Search Result for "air-slacked lime":

The Collaborative International Dictionary of English v.0.48:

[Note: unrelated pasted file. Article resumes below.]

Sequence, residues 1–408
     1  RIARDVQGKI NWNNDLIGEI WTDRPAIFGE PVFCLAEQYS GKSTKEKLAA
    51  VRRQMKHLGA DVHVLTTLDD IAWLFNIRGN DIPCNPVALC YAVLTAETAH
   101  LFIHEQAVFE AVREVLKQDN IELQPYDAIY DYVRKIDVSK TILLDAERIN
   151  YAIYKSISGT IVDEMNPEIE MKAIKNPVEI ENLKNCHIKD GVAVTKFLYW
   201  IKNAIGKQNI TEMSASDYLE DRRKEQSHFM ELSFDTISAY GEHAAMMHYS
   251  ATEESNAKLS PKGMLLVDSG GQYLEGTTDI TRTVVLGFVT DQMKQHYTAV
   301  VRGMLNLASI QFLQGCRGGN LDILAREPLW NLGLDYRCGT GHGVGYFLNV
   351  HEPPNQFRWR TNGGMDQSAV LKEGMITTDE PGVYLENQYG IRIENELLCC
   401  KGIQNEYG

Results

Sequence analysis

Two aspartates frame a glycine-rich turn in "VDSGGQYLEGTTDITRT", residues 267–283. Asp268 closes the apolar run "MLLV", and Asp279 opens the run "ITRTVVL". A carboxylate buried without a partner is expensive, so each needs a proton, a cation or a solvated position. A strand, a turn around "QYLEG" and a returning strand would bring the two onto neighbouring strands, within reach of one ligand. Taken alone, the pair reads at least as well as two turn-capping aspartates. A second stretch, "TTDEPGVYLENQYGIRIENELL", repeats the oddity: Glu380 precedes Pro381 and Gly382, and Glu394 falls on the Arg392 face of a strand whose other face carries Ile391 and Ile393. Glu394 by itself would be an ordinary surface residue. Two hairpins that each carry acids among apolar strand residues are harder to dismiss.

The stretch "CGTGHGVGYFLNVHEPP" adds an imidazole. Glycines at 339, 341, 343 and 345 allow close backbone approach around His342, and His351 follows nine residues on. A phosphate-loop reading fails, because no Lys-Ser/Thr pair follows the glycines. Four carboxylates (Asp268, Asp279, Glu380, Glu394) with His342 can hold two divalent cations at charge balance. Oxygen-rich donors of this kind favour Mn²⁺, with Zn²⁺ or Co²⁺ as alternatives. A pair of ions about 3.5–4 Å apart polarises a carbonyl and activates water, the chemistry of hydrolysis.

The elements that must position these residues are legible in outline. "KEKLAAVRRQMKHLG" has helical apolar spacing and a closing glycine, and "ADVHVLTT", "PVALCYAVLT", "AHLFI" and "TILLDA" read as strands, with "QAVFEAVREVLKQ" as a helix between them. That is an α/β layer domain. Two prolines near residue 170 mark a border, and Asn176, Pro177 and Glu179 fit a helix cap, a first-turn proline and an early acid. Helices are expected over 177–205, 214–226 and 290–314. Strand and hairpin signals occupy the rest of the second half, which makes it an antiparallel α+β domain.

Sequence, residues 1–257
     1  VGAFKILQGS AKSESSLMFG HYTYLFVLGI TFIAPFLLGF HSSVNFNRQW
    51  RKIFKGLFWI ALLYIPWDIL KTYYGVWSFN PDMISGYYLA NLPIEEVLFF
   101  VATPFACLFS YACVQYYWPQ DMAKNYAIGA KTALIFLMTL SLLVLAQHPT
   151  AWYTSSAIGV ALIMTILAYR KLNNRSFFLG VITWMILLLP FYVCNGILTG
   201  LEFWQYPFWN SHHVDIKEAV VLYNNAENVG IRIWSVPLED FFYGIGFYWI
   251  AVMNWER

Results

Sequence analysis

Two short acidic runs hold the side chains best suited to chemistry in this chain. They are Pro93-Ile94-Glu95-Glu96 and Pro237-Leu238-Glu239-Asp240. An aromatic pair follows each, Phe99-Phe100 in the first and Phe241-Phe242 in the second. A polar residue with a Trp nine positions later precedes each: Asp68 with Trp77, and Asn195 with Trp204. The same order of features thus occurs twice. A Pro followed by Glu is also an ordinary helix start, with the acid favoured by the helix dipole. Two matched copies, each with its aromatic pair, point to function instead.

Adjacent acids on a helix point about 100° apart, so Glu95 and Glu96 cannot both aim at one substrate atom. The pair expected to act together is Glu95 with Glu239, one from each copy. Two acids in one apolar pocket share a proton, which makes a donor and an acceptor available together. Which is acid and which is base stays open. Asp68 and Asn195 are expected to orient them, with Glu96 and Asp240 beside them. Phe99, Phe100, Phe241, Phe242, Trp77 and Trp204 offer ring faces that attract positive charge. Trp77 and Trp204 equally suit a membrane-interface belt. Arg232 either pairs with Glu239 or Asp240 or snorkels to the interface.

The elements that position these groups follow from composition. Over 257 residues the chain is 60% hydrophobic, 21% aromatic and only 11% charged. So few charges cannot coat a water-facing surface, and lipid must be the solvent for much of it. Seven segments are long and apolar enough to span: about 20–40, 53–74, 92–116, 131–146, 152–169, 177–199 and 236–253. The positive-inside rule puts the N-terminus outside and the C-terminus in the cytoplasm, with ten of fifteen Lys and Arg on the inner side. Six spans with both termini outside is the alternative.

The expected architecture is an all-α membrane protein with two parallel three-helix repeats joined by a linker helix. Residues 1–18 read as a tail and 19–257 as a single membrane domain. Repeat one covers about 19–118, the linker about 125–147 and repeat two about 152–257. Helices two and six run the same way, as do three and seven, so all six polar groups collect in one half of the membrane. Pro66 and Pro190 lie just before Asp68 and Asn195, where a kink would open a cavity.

Slack \Slack\, Slacken \Slack"en\, v. t. 1. To render slack; to make less tense or firm; as, to slack a rope; to slacken a bandage. --Wycklif (Acts xxvii. 40) [1913 Webster] 2. To neglect; to be remiss in. [Obs.] --Shak. [1913 Webster] Slack not the pressage. --Dryden. [1913 Webster] 3. To deprive of cohesion by combining chemically with water; to slake; as, to slack lime. [1913 Webster] 4. To cause to become less eager; to repress; to make slow or less rapid; to retard; as, to slacken pursuit; to slacken industry. "Rancor for to slack." --Chaucer. [1913 Webster] I should be grieved, young prince, to think my presence Unbent your thoughts, and slackened 'em to arms. --Addison. [1913 Webster] In this business of growing rich, poor men should slack their pace. --South. [1913 Webster] With such delay Well plased, they slack their course. --Milton. [1913 Webster] 5. To cause to become less intense; to mitigate; to abate; to ease. [1913 Webster] To respite, or deceive, or slack thy pain Of this ill mansion. --Milton. [1913 Webster] Air-slacked lime, lime slacked by exposure to the air, in consequence of the absorption of carton dioxide and water, by which it is converted into carbonate of lime and hydrate of lime. [1913 Webster]